When I go out to eat at the Olive Garden, I know exactly what to expect. The menu and decor are standard and successful, and cooks there are able to follow a recipe to create the same dishes in every branch of the chain. But I wonder if Olive Garden cooks ever garner the inventive nature and deep understanding to become top chefs in diverse cooking environments. And I doubt they feel deep satisfaction in their work that goes beyond a paycheck. Our classrooms today are becoming more and more like a chain restaurant.
What drew me to teach in Mount Vernon was the creativity. This small college town is packed with artists of every variety, and the teachers reflect the ingenuity of the community. The philosophy of our administrators was to hire the right teachers and get out of their way. They understood that autonomy in the classroom allows teachers to utilize their own strengths and passions to make learning enjoyable and relevant for their students.
At MVHS, we co-teach a 10-day J-term that is true project-based learning. Some classes travel to Europe, Florida, or Central America. Some study musical theater, criminology, exercise science, or herbology and potions. Students in my class create video documentaries and podcasts. Creativity thrives because we don’t have to keep pace with anyone else, and grading is pass or fail, so students can take risks and explore without worrying about hurting their GPA. Students learn to problem solve, so they can continue on their learning journey beyond the guidance of a teacher. Choice, autonomy, and creativity are motivators for students, just as they motivate teachers.
Creativity is a struggle in many core classes today because teachers are asked to standardize their teaching. In electives only taught by one teacher, it’s much easier to take a turn directed by the inquiring minds of a classroom, but in commonly-taught courses, like Freshman English, teachers are expected to use the same texts and have the same summative assessments measuring the same skills repetitively. It is a conveyor belt education. It is an Olive Garden kitchen. And just as the Olive Garden produces cooks who aren’t chefs, we are producing students who complete reading assignments who would never proclaim “I am a reader.” We have students who complete writing assignments, yet never would say “I am a writer.” They are not finding ownership in their work.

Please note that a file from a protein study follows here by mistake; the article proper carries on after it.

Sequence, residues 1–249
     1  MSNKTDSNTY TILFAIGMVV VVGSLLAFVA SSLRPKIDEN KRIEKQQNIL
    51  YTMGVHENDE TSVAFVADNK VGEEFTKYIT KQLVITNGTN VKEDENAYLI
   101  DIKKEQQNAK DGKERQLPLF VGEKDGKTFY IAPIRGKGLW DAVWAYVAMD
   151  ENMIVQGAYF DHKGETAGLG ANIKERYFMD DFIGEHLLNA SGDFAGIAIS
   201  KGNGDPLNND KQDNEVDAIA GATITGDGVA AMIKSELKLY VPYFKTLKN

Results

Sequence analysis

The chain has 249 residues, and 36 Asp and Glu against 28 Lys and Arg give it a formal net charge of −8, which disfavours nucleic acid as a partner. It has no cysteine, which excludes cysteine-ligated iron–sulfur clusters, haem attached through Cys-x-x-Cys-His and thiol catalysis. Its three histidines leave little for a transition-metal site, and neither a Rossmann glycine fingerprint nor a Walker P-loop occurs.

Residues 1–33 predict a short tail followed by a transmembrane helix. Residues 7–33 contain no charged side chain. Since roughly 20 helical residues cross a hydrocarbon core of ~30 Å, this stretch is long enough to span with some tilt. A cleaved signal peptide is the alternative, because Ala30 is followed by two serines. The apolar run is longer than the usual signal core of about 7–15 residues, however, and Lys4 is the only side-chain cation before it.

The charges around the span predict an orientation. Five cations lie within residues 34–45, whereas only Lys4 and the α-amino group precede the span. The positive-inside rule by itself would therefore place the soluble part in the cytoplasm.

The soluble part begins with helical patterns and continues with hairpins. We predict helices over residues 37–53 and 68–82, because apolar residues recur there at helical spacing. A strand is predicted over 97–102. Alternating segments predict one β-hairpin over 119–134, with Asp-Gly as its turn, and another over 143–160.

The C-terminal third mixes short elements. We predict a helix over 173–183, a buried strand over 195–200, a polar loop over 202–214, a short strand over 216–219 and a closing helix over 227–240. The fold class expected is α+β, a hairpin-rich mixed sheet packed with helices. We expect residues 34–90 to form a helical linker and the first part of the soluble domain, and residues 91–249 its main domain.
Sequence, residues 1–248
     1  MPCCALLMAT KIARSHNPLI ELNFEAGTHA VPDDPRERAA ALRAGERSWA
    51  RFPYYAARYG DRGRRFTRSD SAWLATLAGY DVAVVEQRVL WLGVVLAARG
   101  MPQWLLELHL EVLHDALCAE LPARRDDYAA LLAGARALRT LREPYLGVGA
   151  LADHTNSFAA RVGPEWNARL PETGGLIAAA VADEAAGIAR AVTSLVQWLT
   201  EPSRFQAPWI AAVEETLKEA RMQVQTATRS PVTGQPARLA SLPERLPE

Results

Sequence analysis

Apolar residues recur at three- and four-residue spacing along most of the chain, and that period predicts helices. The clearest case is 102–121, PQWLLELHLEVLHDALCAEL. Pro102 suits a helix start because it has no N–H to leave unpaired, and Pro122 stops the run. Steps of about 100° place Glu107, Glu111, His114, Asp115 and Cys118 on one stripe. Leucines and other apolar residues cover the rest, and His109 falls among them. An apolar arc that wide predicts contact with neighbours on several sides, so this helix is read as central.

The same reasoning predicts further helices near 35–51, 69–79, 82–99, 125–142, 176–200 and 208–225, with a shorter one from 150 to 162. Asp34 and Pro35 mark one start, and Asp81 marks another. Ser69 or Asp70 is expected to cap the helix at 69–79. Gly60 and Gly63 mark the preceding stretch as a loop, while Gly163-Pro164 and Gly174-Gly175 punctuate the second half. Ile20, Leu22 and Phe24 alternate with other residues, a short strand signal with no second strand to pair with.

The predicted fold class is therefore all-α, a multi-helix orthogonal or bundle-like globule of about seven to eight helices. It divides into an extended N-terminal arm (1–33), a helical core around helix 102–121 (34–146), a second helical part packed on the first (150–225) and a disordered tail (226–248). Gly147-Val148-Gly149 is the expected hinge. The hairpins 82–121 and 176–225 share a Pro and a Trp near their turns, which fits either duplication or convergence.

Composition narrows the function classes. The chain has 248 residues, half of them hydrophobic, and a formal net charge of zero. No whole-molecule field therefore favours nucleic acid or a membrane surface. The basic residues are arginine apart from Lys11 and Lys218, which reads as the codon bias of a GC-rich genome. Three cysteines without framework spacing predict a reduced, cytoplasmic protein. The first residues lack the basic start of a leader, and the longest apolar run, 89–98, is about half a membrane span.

Creative projects are no longer on the menu in many classes because projects don’t easily fit into being assessed by the standards in the gradebook, or checkpoints on a conveyor belt. In a drive to be “standardized” we often remove the creativity from students’ writing. Rubrics demand the same elements from every student and give far too much generalized feedback for them to sort through. When we assign an essay, we give a recipe of how to get there with success criteria and graphic organizers, so teachers receive 24 clones of what they would have written themselves.
Students of today are lost when posed with the concept of tackling a problem without directions. In the attempt to create an equitable playing field for all, we have stifled students’ ability to formulate their own game plan. Homework allows for struggling with concepts in a low-risk environment, but to give no credit for homework does not honor that struggle. Instead of only measuring what students know, we should also acknowledge the growth and effort in the process of learning. Without reporting on the climb to the summit, we are now exclusively celebrating the selfies on top of the mountain, even when some students parachute down to get there.
Now that formative work and timeliness “don’t count” in most standardized grading, students are ill-prepared for class discussion of assigned reading or for peer response to writing drafts because this work doesn’t appear in the gradebook. Students are not learning from their solitary struggles or their interactions with others because we are not showing them that we value the reading and writing processes as much as their ability to read and write. The benefits of reading, for example, cannot all be measured on a final summative reading assessment. Reading teaches us about ourselves and others, about resiliency and empathy, about every subject known and unknown. We need a standard that measures effort or work ethic to ensure students continue to value formative work like reading and discussion, and we need to give students the time and freedom to explore. If we can’t include a standard measuring efficacy of learning, then a points-based grading system may more effectively show that we place value in the learning process as much as the skill.
I’ve heard that the best way to fight teacher burnout is classroom autonomy. Without it, we can’t fuel our fires. We need to see the light we inspire when we ignite a student’s passion for learning which so often comes from our own light within. Holding students to a high standard can be done without standardized learning, without standardized teaching, and without standardized grading.
Let’s celebrate and share our unique characteristics as teachers, making us shine! And let our students take candles to our flames to light courses on their own paths of learning. Then, in our gradebooks, let’s find a way to celebrate the journey, not just the destination.